The coronavirus SARS-CoV-2 is known to infect cells via the receptor ACE2. An international research team under German-Finnish coordination has now identified neuropilin-1 as a factor that can facilitate SARS-CoV-2 entry into the cells’ interior. Neuropilin-1 is localized in the respiratory and olfactory epithelia, which could be a strategically important localization to contribute to SARS-CoV-2 infectivity and spreading. Experts from the German Center for Neurodegenerative Diseases (DZNE), Technical University of Munich, University Medical Center Goettingen, University of Helsinki and other research institutions now published their findings in the journal Science.
The coronavirus SARS-CoV-2 can affect various organs such as the lung and kidneys and also trigger neurological symptoms, including a temporary loss of smell and taste. The spectrum of symptoms of the associated disease — known as COVID-19 — is therefore quite complex. A related virus, SARS-CoV, led to a much smaller outbreak in 2003, possibly because the infection was limited to the lower respiratory system, making the virus less transmissible. SARS-CoV-2, in contrast, additionally infects the upper respiratory system including the nasal mucosa and, in consequence, spreads rapidly through active viral shedding, e.g. when sneezing.
Door opener to the cell
Tissue tropism reflects the ability of a virus to infect specific cell types in different organs. It is determined by the availability of docking sites, so-called receptors, on the surface of cells. These allow docking to and penetration into the cells. “The starting point of our study was the question why SARS-CoV and SARS-CoV-2 that both use ACE2 as a receptor cause different diseases,” explained Mikael Simons, a research group leader at the DZNE’s Munich site and professor of molecular neurobiology at the Technical University of Munich, whose team was involved in the current studies, together with Giuseppe Balistreri’s group at the University of Helsinki.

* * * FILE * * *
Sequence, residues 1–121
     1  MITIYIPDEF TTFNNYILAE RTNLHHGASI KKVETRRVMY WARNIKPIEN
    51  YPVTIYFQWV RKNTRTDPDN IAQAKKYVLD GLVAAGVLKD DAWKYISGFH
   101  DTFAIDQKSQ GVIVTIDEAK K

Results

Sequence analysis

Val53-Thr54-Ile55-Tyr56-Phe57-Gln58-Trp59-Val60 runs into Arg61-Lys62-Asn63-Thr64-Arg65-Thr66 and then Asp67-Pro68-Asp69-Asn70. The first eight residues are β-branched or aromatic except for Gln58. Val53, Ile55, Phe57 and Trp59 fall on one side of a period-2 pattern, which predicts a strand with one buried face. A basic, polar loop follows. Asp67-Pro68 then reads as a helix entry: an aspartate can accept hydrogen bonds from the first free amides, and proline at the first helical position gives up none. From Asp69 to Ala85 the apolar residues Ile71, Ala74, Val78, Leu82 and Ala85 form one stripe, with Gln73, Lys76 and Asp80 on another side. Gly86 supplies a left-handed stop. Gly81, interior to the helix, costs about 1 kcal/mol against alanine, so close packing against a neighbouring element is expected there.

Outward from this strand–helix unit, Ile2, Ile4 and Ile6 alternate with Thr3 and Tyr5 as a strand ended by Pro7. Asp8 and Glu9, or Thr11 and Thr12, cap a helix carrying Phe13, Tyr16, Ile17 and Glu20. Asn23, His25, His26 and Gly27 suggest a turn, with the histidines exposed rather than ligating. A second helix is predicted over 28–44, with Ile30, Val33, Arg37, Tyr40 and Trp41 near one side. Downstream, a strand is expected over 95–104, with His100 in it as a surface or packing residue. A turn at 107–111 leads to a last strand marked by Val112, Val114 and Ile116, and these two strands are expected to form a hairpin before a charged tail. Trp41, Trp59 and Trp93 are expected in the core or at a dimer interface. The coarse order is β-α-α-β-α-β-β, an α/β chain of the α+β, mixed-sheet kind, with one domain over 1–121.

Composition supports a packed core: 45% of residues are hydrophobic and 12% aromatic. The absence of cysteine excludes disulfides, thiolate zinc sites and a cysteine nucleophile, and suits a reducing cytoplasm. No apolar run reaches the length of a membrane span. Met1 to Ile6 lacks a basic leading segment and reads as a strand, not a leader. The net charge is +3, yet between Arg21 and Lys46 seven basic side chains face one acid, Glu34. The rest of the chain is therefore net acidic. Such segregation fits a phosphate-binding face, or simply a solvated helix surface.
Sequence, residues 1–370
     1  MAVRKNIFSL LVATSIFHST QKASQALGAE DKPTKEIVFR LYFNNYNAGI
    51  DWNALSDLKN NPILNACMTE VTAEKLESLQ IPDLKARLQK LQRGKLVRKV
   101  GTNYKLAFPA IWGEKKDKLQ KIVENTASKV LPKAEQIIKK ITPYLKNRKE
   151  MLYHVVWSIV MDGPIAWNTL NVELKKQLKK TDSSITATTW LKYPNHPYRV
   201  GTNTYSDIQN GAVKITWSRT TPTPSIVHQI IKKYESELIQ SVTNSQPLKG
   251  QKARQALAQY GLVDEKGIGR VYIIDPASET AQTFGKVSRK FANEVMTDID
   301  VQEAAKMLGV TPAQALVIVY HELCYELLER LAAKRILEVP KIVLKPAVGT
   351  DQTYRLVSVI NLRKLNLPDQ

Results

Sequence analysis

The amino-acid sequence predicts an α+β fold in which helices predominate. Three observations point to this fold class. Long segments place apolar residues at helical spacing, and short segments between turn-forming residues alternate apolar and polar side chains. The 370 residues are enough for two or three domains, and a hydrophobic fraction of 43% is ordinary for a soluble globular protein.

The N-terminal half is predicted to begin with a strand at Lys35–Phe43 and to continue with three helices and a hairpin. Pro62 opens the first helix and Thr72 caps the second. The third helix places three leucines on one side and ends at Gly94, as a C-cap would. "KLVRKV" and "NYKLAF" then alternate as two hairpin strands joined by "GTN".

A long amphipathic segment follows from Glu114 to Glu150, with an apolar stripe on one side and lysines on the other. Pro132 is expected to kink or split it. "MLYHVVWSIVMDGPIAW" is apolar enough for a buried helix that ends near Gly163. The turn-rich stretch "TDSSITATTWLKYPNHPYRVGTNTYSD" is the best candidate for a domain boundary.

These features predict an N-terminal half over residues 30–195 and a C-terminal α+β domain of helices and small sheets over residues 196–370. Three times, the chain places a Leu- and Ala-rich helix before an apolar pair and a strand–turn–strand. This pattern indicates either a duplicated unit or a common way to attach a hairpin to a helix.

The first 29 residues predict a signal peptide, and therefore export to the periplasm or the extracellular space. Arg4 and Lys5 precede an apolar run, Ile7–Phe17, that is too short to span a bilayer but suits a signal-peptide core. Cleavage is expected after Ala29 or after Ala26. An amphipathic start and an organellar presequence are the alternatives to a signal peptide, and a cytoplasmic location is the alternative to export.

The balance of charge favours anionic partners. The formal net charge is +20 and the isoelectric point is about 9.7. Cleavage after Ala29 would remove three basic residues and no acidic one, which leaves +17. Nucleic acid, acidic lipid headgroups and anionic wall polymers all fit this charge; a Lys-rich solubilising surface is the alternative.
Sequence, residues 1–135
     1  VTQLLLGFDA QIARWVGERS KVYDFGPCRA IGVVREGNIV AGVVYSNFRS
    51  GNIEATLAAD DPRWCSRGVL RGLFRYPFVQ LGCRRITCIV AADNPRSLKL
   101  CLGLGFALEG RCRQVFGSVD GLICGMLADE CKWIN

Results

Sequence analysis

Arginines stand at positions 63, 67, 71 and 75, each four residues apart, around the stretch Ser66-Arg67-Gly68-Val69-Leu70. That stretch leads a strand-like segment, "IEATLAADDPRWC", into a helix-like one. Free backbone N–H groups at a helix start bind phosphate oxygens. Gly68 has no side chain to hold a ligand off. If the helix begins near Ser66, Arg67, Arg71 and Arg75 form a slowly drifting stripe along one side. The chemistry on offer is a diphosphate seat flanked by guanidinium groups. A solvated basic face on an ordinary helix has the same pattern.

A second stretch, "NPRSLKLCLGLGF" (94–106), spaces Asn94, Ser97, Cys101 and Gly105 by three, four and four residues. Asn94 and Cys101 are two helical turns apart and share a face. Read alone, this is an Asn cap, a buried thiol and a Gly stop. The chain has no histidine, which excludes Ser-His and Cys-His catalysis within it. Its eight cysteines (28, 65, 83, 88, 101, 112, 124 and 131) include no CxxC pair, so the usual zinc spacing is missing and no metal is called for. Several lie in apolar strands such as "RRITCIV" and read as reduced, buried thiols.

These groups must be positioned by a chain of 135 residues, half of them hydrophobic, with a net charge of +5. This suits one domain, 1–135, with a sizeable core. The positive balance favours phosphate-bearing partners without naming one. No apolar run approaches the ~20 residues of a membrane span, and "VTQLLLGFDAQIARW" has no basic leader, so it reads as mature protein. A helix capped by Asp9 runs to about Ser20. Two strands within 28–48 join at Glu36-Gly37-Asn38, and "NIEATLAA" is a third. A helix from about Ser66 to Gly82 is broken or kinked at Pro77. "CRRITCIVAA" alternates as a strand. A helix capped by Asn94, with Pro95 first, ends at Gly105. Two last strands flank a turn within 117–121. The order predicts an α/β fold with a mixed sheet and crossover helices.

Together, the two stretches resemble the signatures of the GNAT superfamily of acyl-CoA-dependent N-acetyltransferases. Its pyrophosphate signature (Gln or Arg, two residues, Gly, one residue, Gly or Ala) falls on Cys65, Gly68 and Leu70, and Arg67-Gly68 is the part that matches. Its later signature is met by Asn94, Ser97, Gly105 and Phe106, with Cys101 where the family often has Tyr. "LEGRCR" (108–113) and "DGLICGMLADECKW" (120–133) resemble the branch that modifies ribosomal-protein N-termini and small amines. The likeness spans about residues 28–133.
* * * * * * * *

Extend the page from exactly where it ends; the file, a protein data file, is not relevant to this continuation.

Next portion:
To understand how these differences in tissue tropisms can be explained, the researchers took a look at the viral “spike proteins” that are essential for virus entry. “The SARS-CoV-2 spike protein differs from its older relative by the insertion of a furin cleavage site,” explained Simons. “Similar sequences are found in the spike proteins of many other highly pathogenic human viruses. When we realized that this furin cleavage site is present in the SARS-CoV-2 spike protein, we thought that this might lead us to the answer.” When proteins are cleaved by furin, a specific amino acid sequence becomes exposed at its cleaved end. Such furin cleaved substrates have a characteristic pattern that are known to bind to neuropilins at the cell surface.
Experiments using cells cultured in the laboratory, in conjunction with artificial viruses that mimick SARS-CoV-2 as well as naturally occurring virus, indicate that neuropilin-1 is able to promote infection in the presence of ACE2. By specifically blocking neuropilin-1 with antibodies, infection was suppressed. “If you think of ACE2 as a door to enter the cell, then neuropilin-1 could be a factor that directs the virus to the door. ACE2 is expressed at very low levels in most cells. Thus, it is not easy for the virus to find doors to enter. Other factors such as neuropilin-1 might be necessary to help the virus,” explained Simons.
A potential way into the nervous system
Since loss of smell is among the COVID-19 symptoms and neuropilin-1 is mainly found in the cell layer of the nasal cavity, the scientists examined tissue samples from deceased patients. “We wanted to find out whether cells equipped with neuropilin-1 are really infected by SARS-CoV-2, and found that this was the case,” said Simons. Additional experiments in mice showed that neuropilin-1 enables transport of tiny, virus-sized particles from the nasal mucosa to the central nervous system. These nanoparticles were chemically engineered to bind to neuropilin-1. When the nanoparticles were administered to the nose of the animals, they reached neurons and capillary vessels of the brain within few hours — in contrast to control particles without affinity for neuropilin-1. “We could determine that neuropilin-1, at least under the conditions of our experiments, promotes transport into the brain, but we cannot make any conclusion on whether this is also true for SARS-CoV-2. It is very likely that this pathway is suppressed by the immune system in most patients,” explained Simons.
A starting point for future therapies?
“SARS-CoV-2 requires the ACE2 receptor to enter the cells, but other factors such as neuropilin-1 may be required to support its function,” said Simons. “However, at present we can only speculate about the molecular processes involved. Presumably, neuropilin-1 catches the virus and directs it to ACE2. Further investigations are needed to clarify this issue. It is currently too early to speculate whether blocking neuropilin could be a viable therapeutic approach. This will have to be addressed in future studies.”